Let’s Scare Julie is a bold one-take horror that is rife with tension thanks to its excellent young cast. While it is effective, it just doesn’t provide the audience with enough scares.
When a group of teenage girls set out to scare their reclusive neighbour across the street, they soon discover that sometimes things are better left alone. As each girl vanishes one by one the mystery of Julie’s origins unravels. These girls are about to discover the horrifying truth behind the girl who lives next door.
We start Let’s Scare Julie with a rather mean scare from our group and they have to battle a tad to make themselves likeable to our lead Emma. When their late-night prank on Emma goes awry. The group get to know the newcomer to the area with jokes and their toeing the line ribbing of each other. Taylor and Emma are cousins with Emma and her young sister Lily, moving in after the death of her father.
As Taylor takes control of the sleepover. She begins to share the story of the history of the house across the street where the mysterious Miss Durer a supposed witch lived when Emma and Taylor were youngsters. Since then a father and his daughter Julie have moved into the home and our thrillseeking/ harmless tormenters think they have found a new target to prank. Donning their Purge-Esque masks and a camera. They venture off across the road to see if they can get a good scare out of Julie. Emma decides to stay back to look after her sister and it is on the return of a panicked Paige is the girls’ world is turned upside down.
First and foremost, do not be swayed by the marketing. This is not the film that it is being marketed as and for a change that is a great thing. From the poster, you would think that these girls are going to cause harm to whoever is in the house. This isn’t that type of film at all and instead, we have a slow-paced tension-filled 80 odd minutes.
Experienced writer/director Jud Cremata takes the bold effort of making his low budget horror have the look of happening in real-time. This means other than a few well placed (albeit obvious) we know and feel as much as the characters do. This can be seen as being a tad gimmicky. Yet if done well, it has a tremendous effect on the audience. Let’s Scare Julie uses this technique very well. With Cremata and cinematographer, Chuck Ozeas have been very clever with their angles and shot choices as we get to see a camera move in ways that we normally wouldn’t. Especially in scenes where the cast is talking amongst themselves. The free-flowing nature of the camera in the opening half of the film provides a fresh feel to the film as albeit challenging. Isn’t overly seen in the horror genre.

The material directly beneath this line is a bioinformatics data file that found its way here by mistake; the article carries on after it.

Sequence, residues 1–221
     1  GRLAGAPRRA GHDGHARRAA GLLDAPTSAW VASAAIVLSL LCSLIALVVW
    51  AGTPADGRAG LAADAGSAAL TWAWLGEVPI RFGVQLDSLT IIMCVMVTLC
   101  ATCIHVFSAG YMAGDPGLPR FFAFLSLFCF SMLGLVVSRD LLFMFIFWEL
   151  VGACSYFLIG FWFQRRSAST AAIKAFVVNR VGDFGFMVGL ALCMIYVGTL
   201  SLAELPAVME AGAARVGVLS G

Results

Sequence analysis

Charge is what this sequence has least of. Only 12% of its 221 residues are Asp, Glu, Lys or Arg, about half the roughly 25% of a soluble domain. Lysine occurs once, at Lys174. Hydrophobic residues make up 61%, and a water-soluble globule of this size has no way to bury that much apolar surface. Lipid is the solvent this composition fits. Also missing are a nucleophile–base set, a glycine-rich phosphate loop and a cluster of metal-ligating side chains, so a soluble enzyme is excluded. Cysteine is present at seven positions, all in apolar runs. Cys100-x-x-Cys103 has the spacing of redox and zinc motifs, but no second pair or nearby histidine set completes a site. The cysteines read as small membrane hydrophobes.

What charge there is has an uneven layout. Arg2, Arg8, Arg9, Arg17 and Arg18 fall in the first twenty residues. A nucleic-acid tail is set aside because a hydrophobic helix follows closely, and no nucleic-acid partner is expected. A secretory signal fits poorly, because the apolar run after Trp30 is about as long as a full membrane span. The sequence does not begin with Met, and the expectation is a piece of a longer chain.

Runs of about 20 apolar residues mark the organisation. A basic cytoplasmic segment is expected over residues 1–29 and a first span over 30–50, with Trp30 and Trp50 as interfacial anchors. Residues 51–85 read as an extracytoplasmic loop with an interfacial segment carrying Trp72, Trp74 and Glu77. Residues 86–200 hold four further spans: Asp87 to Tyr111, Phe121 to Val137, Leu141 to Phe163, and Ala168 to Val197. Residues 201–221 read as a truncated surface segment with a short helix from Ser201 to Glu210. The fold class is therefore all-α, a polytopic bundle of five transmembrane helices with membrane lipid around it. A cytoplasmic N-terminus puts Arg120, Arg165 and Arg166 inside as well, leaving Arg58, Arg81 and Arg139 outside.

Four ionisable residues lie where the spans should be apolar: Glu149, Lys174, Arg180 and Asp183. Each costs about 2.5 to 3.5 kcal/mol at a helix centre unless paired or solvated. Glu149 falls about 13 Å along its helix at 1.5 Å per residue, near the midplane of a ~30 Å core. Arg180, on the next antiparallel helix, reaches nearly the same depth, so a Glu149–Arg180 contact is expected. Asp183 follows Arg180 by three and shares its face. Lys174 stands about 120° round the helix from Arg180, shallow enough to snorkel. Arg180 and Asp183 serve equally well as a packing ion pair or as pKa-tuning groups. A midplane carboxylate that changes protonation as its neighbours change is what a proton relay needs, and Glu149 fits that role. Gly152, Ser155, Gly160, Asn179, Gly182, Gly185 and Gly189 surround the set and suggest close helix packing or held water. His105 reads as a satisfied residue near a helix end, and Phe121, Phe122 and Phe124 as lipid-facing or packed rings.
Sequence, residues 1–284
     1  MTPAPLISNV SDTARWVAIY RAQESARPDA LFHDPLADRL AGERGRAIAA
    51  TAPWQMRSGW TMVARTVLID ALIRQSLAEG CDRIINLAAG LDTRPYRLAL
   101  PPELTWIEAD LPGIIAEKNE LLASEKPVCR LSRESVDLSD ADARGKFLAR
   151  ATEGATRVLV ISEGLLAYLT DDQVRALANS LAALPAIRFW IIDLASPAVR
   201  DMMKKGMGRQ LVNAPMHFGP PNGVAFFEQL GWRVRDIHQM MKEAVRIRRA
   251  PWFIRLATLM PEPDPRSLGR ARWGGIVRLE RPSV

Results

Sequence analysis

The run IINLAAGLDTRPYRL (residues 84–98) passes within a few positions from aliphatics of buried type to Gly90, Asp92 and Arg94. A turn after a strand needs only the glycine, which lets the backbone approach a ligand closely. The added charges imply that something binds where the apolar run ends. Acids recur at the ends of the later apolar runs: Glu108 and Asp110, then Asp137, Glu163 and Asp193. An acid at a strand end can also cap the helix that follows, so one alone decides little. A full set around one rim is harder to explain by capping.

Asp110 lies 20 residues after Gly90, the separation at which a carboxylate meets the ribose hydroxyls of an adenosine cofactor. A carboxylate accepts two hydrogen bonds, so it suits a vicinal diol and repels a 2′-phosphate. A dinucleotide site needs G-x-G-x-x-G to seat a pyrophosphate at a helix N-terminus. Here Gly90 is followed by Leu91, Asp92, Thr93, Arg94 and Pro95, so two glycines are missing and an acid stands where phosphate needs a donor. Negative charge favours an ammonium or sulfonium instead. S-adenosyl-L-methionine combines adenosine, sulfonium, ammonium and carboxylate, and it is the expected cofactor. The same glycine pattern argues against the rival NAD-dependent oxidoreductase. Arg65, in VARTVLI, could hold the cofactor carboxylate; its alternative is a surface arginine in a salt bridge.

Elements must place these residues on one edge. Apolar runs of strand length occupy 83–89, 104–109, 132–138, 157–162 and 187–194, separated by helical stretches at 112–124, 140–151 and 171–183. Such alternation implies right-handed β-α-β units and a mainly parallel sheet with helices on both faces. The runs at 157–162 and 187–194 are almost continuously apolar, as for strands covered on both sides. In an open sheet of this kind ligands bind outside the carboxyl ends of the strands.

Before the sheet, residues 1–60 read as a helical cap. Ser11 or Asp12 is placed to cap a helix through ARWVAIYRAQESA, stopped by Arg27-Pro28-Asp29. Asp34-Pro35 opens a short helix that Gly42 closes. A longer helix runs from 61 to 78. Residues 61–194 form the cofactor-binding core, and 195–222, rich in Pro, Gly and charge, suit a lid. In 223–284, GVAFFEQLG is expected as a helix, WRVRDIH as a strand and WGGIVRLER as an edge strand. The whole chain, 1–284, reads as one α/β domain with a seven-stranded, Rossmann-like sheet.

The approach works here and happily for Let’s Scare Julie that is also thanks to the young cast who are game to go with the script. Their conversations are loose and feel real in comparison to other scripts that involve teenagers. This nature flow, allows the audience to feel at home with them, to be one of the gang. The added nature of the continuous take enhances this more so. When we get to scenes where our young gang are separated and panic is firmly set in the camera is feeling what they are feeling. The free-flowing nature is gone and quick movements come in instead. Continually moving and jerking as their woes and danger grow.
Sadly for Let’s Scare Julie, for all of the positives. There just isn’t quite enough going on here to fulfil all of the promises of the opening half. There are some scares and jumps here and there. But more are desperately needed to give the audience something to clamour to. We can handle a slow opening to get the basic premise and to get to know our young group and the home. But when the tension racks up we need something to happen instead of just more confusion for the girls.
If there had been one of two additional scares then this would be an excellent feature and quite the spooky, unnerving one for people on a cold winters night. Alas, it isn’t to be. However that doesn’t detract at all from all of the positives here in Let’s Scare Julie. While it isn’t a film for the horror fans who love scares left right and centre, it is certainly a decent throwback to where tension rules the film. A welcome surprise.
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